It has long been known that the chemotherapy drugs and radiation needed for the treatment of cancer can damage one’s hearing. And, hearing loss interferes with one’s daily living. If these therapies were received, it is important to have your hearing checked and obtain treatment if hearing loss is found.
Hearing loss that occurs in the outer or middle ear is called a conductive hearing loss. This means that the hearing loss is due to a problem in transmission of sound from the air to the inner ear. An example of this would be changes in hearing because of fluid collection in the middle ear. Sometimes this happens when people have ear infections. The fluid “muffles” the sound when it is traveling through the middle ear.
Hearing loss that results from damage to the inner ear or auditory nerve is called sensorineural hearing loss. An example of this would be damage to the sensory hair cells in the inner ear from chemotherapy. Even though sound waves still move through the inner ear fluid, they can no longer be changed into nerve impulses, so the sound does not reach the brain. Sensory hair cells that process high-pitched sounds are usually damaged first, followed by damage to the sensory hair cells that process lower-pitched sounds.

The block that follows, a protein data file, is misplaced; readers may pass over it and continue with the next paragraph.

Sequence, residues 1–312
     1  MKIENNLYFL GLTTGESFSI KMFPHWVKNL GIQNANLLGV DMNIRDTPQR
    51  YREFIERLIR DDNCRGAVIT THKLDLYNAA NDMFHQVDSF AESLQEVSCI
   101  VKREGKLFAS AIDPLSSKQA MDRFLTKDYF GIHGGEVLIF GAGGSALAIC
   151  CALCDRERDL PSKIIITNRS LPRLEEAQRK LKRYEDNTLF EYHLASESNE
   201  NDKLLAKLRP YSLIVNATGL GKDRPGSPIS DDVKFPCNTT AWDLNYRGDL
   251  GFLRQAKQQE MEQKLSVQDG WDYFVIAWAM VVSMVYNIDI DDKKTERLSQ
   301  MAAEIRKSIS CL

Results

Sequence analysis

Hearing loss with both conductive and sensorineural components is called mixed hearing loss.
The following cancer treatments can potentially cause hearing loss:
Chemotherapy from the “platinum” group, such as cisplatin or high doses of carboplatin
High doses of radiation to the head or brain
Surgery involving the brain, ear or auditory nerve
Certain antibiotics and diuretics used in association with cancer treatment
High doses of radiation to the ear or brain can cause inflammation or ear wax buildup in the outer ear, problems with fluid buildup in the middle ear, or stiffness of the eardrum or middle ear bones. Any of these problems can result in conductive hearing loss. Radiation can also damage the sensory hair cells in the inner ear, causing sensorineural hearing loss.
Damage from radiation may affect one or both ears, depending on the area of treatment. Conductive hearing loss may improve over time, but sensorineural hearing loss is permanent. Platinum chemotherapy can cause damage to sensory hair cells in the inner ear, resulting in sensorineural hearing loss. Most often, the effect is similar in both ears and is permanent.
Patients that have had cancer treatment, should have their hearing tested by a doctor of audiology at least once following completion of treatment. It is best though, to have an audiogram before and after treatment to monitor any hearing loss. If hearing loss is found, an audiologist will determine the need for additional testing.
Vanessa Ewert, AuD of Bluegrass Hearing Clinic states, “Post-chemotherapy quality of life is too important for cancer patients. Hearing loss can cause problems with a person’s ability to communicate therefore affecting daily activities. It is our job to assist them in finding the technology and services that best help them to communicate in order to live their best life.”